Succeeding as an entrepreneur is tough, you will have to deal with failure and learn from it along the way. Many new biotech startups face similar problems during their early steps, here are some expert tips on how to avoid them.
Last week, I had the opportunity to meet Mark Hammond and Dominic Falcao, who have extensive experience working with early-stage science startups at the pre-accelerator Imperial Create Lab in London. They are now launching Deep Science Ventures, a somewhat different high-tech incubator in London where no specific teams or ideas are required, just scientists keen to build a company from scratch.
They organized a meetup for the launch and shared their best advice for entrepreneurial novices. Here it is:
1. Solutions. A successful biotech startup will focus on solving a problem and fit the technology to it, not the other way around.
Solutions in search of problems generally do not make it very far: choose a problem and work to solve it. Mark and Dom have worked with biotech startups like FungiAlert, which is developing devices to sense fungi that destroy €9Bn worth of crops per year. They have also worked with CustoMem, a startup that uses synthetic biology to create cost-effective cellulose membranes that remove hormones and heavy metals from water.
2. Context. You should know the industry and build a solution for its present struggles.
Even if you’re sure your idea is already perfect, you will need to adjust the product for the customers. Be aware of current regulations, keep up with any economic changes, and always know who is in charge of the budget.
For example, a biotech startup with a healthcare product needs to get approval, from the EMA in Europe, from the FDA in the US and from the TGA in Australia, which can delay or even cancel the product launch. Companies like Fractyl, MindMaze, VitaDX, or TROD Medical had to consider this within their timeline before starting sales.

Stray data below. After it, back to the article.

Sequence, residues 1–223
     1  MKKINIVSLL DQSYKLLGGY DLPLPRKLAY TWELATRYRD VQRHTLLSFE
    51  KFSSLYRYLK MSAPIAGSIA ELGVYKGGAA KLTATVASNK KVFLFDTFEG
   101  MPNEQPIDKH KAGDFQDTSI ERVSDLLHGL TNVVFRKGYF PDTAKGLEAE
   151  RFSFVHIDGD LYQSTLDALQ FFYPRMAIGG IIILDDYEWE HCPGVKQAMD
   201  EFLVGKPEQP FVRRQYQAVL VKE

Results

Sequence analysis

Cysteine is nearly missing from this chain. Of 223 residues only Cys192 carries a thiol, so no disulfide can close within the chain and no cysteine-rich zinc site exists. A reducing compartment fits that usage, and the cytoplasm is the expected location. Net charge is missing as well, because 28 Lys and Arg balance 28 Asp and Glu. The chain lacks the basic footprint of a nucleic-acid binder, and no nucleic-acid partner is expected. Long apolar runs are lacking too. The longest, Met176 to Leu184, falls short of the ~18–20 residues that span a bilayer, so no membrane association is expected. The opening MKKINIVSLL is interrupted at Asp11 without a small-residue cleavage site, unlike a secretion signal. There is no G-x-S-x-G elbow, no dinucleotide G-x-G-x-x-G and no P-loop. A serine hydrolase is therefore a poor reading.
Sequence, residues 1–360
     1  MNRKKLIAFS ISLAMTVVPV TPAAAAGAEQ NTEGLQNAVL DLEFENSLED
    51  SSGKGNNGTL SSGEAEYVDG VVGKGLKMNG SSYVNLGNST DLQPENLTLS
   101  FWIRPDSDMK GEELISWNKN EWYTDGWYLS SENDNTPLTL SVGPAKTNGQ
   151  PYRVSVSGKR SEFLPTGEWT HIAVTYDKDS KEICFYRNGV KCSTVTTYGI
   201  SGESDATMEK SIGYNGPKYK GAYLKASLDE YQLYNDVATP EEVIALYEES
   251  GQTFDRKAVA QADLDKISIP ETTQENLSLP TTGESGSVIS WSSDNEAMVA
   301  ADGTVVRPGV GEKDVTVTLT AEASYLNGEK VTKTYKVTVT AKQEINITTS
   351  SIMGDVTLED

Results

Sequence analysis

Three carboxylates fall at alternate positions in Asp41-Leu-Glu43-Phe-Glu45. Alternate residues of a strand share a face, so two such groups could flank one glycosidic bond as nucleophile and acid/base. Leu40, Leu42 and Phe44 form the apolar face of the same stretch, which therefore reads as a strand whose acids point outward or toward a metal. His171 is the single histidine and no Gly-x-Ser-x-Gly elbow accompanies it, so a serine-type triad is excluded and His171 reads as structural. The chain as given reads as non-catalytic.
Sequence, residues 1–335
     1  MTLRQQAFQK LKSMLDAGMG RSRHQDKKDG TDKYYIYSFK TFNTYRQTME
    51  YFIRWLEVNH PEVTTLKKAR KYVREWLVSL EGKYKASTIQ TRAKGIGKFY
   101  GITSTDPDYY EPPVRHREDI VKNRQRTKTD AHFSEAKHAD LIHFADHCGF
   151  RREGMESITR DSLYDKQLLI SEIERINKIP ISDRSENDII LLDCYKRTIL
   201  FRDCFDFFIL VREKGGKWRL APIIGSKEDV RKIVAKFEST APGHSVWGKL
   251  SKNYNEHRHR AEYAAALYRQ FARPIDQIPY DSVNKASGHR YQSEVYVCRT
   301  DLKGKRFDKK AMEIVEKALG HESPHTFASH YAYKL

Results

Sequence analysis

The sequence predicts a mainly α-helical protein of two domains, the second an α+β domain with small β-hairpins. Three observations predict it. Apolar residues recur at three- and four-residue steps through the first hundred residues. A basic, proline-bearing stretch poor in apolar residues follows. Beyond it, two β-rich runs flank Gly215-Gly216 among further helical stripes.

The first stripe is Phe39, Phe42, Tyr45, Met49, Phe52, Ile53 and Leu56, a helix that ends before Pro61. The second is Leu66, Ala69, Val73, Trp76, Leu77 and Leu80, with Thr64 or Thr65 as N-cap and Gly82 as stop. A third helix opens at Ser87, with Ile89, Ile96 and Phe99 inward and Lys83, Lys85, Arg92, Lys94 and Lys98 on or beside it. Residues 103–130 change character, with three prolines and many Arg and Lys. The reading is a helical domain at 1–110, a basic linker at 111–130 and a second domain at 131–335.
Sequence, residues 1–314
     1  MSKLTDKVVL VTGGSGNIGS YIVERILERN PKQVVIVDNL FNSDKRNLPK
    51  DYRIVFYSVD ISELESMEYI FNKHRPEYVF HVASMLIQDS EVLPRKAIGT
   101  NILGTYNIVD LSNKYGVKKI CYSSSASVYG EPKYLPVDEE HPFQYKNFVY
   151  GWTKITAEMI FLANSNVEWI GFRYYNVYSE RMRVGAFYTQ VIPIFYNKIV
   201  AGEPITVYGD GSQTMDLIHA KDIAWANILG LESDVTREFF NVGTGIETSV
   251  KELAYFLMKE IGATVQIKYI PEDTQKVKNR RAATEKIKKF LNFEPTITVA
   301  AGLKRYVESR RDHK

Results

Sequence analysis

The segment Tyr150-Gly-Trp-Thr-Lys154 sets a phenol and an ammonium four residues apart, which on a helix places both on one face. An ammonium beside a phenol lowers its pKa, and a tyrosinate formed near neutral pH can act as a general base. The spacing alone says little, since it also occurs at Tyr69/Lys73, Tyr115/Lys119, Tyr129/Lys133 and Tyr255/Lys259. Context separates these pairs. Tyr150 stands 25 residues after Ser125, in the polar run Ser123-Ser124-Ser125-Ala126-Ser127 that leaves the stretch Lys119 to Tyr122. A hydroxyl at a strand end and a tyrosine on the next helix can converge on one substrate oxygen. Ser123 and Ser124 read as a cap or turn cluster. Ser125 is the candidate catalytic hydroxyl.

3. Timing. Buckle in for the ride.
Newbies tend to forget the market is constantly changing. Each technology has a hype curve during which the investment drastically varies.
To surf the wave, you’ll have to identify when hype turns into serious investment. Though this is difficult, some indicators can give you a clue. A great example is precision medicine, which Mark reckons is 2-3 years away from this tipping point:
- Pharma is beginning to talk about companion diagnostics
- The first products are completing trials
- Health as a consumer purchase is becoming the norm
- Even US President Obama spoke in its favour
Companies like InnVentis, Syapse or Seven Bridges are already starting to get an advantage of this hype.
4. Teamwork. Build a squad of driven and reliable experts.
Set clear aims and define what success and failure means for your company. Since there will be many choices along the process, established principles can save you a lot of trouble.
Never fear bringing new people on board when you need their skills for the next step forward, and build up a strong advisory board. Follow the example of Eva Diagnostics: whilst their expertise was in blood testing, they brought in an experienced marketing lead during pre-investment to adapt their market strategy. Desktop Genetics, which is basically CAD for CRISPR, has attracted Jonathan Milner (who built AbCam) and strategic investors from Illumina.
5. Progress. Real progress is just the successful development of a product worthwhile to your audience.
Some biotech startups can get plenty of press releases and awards despite not moving forward at all, while others do not get any and give up. Be confident; listen carefully to all feedback but do not rely too much on external approval.
There is a good reason incubators and accelerators are on the rise at the moment; startups are currently the main drivers of the newest technological and scientific applications. And investors are keen to take part in such promising projects.
As Dominic says, “the most common cause of science startup failure is not starting in the first place.”
Cover illustration by Elena Resko. Images via Deep Science Ventures, Imperial Workspace, the author, and Desktop Genetics.